Another focus of the negotiations was how to address the impasse in the electoral process and lack of dialogue between stakeholders in the DRC. Some Council members wanted to refrain from particular mention of the presidential elections and a specific date for holding them, as they were told by Sidikou in the consultations that the November 16 is unrealistic and there are necessary steps to be achieved beforehand. Other Council members wanted to be clear in their message that holding elections in accordance with the constitutional time limits is critical for stability, and even if delays occur they should be minimal.

The agreed text calls on the government to put in place an adequate electoral budget and an electoral code of conduct, and to carry out without delay a credible update of the electoral register, in order to ensure the successful and timely holding of elections, in particular presidential and legislative elections on November 16 , in accordance with the Constitution. It also calls on the National Independent Electoral Commission to publish a new comprehensive electoral calendar.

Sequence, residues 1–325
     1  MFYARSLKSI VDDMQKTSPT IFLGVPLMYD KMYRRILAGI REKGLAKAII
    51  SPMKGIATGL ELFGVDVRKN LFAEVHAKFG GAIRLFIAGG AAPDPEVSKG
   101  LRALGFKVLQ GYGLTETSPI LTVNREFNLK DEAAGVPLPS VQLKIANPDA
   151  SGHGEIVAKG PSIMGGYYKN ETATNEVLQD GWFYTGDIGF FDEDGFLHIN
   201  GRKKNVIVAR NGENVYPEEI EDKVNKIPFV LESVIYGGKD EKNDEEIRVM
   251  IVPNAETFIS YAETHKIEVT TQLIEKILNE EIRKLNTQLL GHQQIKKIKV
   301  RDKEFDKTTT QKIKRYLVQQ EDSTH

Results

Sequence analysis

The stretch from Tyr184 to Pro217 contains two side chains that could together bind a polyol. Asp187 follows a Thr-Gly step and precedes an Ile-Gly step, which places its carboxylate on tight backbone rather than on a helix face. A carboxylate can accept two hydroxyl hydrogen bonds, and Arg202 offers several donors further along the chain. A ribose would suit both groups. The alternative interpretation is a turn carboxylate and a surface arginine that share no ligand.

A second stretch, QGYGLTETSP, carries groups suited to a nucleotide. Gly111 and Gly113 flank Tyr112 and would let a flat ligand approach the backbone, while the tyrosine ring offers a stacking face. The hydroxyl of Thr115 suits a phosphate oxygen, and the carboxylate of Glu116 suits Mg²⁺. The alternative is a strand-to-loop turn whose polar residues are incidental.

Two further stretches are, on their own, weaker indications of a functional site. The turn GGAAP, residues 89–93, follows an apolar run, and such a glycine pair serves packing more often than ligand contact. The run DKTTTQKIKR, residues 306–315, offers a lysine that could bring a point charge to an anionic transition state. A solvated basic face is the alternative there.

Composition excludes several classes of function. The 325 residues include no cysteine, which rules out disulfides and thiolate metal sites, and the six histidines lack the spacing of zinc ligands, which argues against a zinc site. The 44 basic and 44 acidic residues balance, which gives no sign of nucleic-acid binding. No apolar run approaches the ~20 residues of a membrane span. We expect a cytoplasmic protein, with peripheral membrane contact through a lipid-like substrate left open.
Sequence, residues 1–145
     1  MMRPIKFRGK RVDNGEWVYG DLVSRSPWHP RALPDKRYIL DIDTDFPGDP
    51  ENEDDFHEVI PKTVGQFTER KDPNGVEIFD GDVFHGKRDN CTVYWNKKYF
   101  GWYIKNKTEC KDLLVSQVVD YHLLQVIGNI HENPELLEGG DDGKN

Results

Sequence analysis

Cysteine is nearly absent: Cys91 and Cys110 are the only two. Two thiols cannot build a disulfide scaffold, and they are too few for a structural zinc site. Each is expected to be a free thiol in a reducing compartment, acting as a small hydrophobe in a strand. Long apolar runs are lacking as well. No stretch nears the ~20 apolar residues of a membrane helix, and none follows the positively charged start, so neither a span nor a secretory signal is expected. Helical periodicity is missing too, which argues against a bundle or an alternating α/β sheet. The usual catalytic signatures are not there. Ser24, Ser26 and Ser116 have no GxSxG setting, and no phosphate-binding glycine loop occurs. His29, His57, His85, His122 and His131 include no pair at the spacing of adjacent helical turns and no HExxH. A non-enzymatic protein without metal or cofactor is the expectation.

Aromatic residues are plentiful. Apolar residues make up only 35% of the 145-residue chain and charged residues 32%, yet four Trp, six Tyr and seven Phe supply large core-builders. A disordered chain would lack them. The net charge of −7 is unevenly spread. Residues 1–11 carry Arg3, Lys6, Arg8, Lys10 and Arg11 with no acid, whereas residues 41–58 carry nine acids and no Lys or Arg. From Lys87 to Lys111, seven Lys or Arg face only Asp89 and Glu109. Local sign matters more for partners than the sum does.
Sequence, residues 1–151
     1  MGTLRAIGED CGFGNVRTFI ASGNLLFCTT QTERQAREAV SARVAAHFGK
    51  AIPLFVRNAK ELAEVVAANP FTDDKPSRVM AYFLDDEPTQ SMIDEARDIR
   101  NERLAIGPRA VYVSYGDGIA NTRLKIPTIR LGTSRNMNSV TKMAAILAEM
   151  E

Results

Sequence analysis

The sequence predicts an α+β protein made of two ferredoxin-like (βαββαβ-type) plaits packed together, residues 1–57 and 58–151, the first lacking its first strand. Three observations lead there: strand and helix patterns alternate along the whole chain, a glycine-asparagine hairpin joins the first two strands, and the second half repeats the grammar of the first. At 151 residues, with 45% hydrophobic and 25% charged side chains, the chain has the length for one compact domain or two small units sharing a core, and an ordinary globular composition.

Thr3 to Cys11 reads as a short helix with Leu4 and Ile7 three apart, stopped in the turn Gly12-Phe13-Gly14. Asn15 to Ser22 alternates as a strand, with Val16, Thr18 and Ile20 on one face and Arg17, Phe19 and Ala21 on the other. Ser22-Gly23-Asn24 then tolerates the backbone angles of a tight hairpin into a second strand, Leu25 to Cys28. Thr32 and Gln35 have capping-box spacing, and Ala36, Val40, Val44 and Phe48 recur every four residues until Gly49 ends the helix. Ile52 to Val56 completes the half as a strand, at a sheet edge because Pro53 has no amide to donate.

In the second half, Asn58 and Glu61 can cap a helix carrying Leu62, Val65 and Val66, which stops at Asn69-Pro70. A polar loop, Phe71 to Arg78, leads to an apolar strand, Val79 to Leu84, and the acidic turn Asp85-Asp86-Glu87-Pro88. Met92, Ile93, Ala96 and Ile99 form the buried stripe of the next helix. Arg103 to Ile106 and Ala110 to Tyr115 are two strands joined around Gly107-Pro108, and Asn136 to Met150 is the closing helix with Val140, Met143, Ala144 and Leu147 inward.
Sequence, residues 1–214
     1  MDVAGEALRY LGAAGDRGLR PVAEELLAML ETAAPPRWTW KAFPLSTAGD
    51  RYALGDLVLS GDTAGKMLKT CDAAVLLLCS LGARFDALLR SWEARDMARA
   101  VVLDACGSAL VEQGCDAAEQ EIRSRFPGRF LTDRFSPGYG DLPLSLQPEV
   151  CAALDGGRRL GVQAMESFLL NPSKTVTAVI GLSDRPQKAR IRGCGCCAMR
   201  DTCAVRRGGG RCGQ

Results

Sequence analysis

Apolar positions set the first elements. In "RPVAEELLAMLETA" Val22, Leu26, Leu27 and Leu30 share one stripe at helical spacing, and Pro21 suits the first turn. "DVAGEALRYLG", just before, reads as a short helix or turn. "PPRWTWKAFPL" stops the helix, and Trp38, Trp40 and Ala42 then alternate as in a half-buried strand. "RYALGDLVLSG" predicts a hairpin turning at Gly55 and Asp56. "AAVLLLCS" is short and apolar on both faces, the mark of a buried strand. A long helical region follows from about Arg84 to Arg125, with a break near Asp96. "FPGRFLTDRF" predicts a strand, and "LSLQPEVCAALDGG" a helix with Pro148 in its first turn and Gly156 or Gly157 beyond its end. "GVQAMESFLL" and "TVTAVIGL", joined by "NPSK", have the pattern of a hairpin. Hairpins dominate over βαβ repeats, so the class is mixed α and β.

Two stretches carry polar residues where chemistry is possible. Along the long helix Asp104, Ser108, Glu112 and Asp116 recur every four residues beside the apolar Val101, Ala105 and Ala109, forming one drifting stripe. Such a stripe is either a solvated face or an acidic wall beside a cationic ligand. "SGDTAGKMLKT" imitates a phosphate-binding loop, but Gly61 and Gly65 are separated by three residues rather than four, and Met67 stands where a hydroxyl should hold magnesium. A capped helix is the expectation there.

The resolution calls upon all stakeholders to engage in an open and inclusive political dialogue over the holding of presidential elections, in accordance with the Constitution. There was disagreement over language on support to the AU consultations to facilitate the national dialogue. Some countries, including Egypt, supported a request for the Secretary-General to provide support, including good offices, for these efforts. The US was against requesting the Secretary-General to support the AU consultations, as it believed this detracted from the emphasis on an election deadline, but the text in blue retains this request, adding that the Secretary-General’s efforts should be consistent with the current resolution.